This is the fifth Richard Dawkins book I have read and it has to be said that there is almost nothing in it that is not somewhere in his other books like The Blind Watchmaker and The Selfish Gene. As it is far shorter than his others I'd only recommend this book if it would be your first Dawkins and/or if you wanted a short description of what Darwinian evolution is all about.
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on 14 September 2014
Dawkins is one of those writers who expands your mind every time you read his work, and this book is no different – in it, he expands on Charles Darwin’s theory of evolution to investigate how a river of D.N.A. has flowed through time to branch out in to the diverse range of species that cover the surface of our planet.

It’s stunningly simple whilst being simultaneously in-depth and educational, and I learned stuff here that I never thought I’d understand. Of course, Dawkins being Dawkins, he also has some messages for the creationists and religious folks who believe that an eye could never evolve through a slow process of evolution – if you agree with them, I suggest you give Dawkins a chance.

I think it’s particularly interesting how Dawkins’ explanation of the development of life on our planet is even more beautiful and even more poetic than the fairytales that religion has to offer – who needs religion when science can be even more beautiful? Knowledge will beat ignorance in any circumstance – be inspired.
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on 27 April 2015
This book is a good read. In it Dawkins tried to show what evolution actually means by comparing how evolution works to things we know from everyday life, like rivers, and digital signals, so that it can be accessible to reasonably bright none scientists.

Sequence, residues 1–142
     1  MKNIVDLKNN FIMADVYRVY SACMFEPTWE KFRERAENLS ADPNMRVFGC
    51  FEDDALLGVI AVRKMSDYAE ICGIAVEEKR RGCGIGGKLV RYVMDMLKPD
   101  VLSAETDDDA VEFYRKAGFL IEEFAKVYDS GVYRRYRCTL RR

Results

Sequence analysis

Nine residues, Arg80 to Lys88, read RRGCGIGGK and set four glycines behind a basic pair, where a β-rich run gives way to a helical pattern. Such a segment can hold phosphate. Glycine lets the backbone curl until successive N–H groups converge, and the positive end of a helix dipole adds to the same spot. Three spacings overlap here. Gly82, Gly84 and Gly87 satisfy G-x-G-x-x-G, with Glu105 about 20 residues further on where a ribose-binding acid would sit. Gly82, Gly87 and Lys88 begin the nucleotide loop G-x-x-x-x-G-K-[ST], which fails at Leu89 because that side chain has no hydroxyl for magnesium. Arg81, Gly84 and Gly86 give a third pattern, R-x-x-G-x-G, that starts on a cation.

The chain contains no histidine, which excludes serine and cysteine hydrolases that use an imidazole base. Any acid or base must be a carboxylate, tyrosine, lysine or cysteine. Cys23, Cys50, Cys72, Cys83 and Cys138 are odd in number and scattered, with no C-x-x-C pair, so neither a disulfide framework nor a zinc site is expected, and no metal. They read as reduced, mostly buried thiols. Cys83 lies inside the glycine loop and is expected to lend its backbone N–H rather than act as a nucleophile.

He also explains nuclear DNA works, and the difference between how things work on a single cell level, and the difference between that, and how a group of cells with differing DNA functions work together to achieve their own goals, which I found interesting.

This approach is relatively successful, it's just a little short and breezy, which makes it accessible but feels like he's in a hurry to get somewhere, without telling us we've arrive. There were a couple of times when I caught myself following what he said, but at the same time thinking "What, stop, what, you've finished that explanation?"
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on 10 September 2009
I always find Richard Dawkins' work interesting and River out of Eden is especially so.
So clearly written and explained - no-one should fail to understand it.
I look forward to reading his latest work.
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on 24 April 2014
A bit heavy going in places for someone like me who is not very technical, but interesting non-the-less. I'm enjoying reading it and the sections I can understand make up for the ones I can't!
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on 31 May 2011
A well explained, if a little bleak, look at evolution as a metaphor of DNA flowing like a river through time.
Possibly not the best Dawkins book to start on (maybe 'Climbing Mount improbable' or 'The Blind Watchmaker' are better starting points), but a thought provoking examination of evolution.
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on 15 April 2015
Much is taken from his other books, but still worth reading.